Access to evidence-based psychological care, including cognitive behavioural therapy (CBT), for Medicare beneficiaries with mental health conditions such as depression, generalised anxiety disorder, insomnia, post-traumatic stress disorder, and eating disorders is limited, according to a report commissioned by Big Health and conducted by actuarial consulting firm Milliman. The report found that a significant proportion of traditional Medicare beneficiaries diagnosed with generalized anxiety disorder and insomnia did not receive psychotherapy, despite clinical guidelines recommending it as first-line treatment. Instead, some patients were prescribed riskier second-line drugs with potential adverse effects.


The report also highlighted challenges in the clinical workforce, with a shortage of behavioural health specialists, long wait times for new patients, and inadequate reimbursement mechanisms. Focus should be on increasing access to evidence-based psychological care, with potential solutions including changes to the clinical workforce, care delivery, and payment models.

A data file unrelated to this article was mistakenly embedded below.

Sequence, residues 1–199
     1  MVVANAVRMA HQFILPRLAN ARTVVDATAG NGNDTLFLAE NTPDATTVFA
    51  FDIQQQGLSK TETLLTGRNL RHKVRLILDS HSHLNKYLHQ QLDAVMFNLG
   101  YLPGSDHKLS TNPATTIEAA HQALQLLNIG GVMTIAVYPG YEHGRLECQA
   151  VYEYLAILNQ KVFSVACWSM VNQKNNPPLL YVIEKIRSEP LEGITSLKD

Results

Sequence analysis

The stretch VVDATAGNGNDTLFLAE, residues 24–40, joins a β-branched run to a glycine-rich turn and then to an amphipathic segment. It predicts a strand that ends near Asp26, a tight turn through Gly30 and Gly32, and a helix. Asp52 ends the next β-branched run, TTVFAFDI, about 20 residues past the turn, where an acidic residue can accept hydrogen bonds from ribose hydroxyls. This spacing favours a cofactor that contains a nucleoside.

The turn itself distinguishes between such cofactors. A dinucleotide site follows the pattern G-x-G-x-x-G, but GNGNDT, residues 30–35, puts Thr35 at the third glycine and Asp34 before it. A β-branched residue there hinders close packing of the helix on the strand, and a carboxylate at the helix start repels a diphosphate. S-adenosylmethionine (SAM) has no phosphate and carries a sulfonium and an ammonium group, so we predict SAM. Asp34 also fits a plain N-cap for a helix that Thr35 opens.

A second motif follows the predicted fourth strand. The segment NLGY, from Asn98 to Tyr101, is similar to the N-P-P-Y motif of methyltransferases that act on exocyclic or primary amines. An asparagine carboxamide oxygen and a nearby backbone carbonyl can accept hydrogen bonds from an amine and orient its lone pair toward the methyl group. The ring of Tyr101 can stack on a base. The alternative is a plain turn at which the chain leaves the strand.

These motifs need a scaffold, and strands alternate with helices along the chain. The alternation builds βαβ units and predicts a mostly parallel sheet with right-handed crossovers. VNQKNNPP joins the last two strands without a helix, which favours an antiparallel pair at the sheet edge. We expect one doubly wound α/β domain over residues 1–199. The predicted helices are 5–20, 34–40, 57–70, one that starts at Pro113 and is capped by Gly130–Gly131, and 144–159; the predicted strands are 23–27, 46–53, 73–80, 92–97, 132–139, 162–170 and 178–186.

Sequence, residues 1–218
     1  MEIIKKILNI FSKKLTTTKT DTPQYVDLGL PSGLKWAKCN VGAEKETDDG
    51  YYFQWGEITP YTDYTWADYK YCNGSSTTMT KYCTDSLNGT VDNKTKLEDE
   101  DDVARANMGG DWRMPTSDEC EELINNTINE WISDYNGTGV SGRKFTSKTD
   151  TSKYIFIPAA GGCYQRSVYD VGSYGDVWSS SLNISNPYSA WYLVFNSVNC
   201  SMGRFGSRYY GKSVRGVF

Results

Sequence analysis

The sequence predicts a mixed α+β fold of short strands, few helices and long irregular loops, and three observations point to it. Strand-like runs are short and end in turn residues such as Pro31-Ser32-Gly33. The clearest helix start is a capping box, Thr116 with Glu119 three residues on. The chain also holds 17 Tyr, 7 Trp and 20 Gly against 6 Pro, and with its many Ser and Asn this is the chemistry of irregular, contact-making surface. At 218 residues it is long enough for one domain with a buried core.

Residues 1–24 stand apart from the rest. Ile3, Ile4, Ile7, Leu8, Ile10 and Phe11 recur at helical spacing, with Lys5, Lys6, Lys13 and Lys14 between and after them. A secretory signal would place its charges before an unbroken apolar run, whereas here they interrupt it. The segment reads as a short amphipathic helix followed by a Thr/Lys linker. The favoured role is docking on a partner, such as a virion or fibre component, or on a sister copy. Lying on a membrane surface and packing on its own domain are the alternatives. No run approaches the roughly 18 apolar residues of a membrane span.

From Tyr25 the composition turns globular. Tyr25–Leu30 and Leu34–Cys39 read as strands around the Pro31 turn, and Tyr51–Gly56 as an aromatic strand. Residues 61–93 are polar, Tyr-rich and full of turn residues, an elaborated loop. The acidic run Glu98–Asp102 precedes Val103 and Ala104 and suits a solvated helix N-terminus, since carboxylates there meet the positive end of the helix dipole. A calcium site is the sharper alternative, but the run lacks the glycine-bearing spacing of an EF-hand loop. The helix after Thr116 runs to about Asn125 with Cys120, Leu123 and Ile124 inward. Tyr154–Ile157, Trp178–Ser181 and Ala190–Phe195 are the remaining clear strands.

Key Takeaways


  • Psychological treatments, such as CBT, are considered the gold-standard for mental health conditions, but for many who need it, access is limited. This despite clinical guidelines recommending CBT as first-line treatment.

  • Some beneficiaries were receiving riskier second-line medications, such as benzodiazepines and hypnotics, before receiving evidence-based first-line behavioural interventions like CBT.

  • Digital mental health interventions, such as teletherapy and online CBT programs, could be a solution to increase access to evidence-based psychological care.

  • Challenges in the clinical workforce, including a shortage of behavioural health specialists, long wait times, and inadequate reimbursement mechanisms, hinder access to psychological care, making scalable digital mental health interventions a viable option.

  • Digital mental health interventions have the potential to enable better care by overcoming access barriers and increasing the availability of evidence-based psychological treatments. This would help close the gap between the care patients should be getting versus what they are actually getting.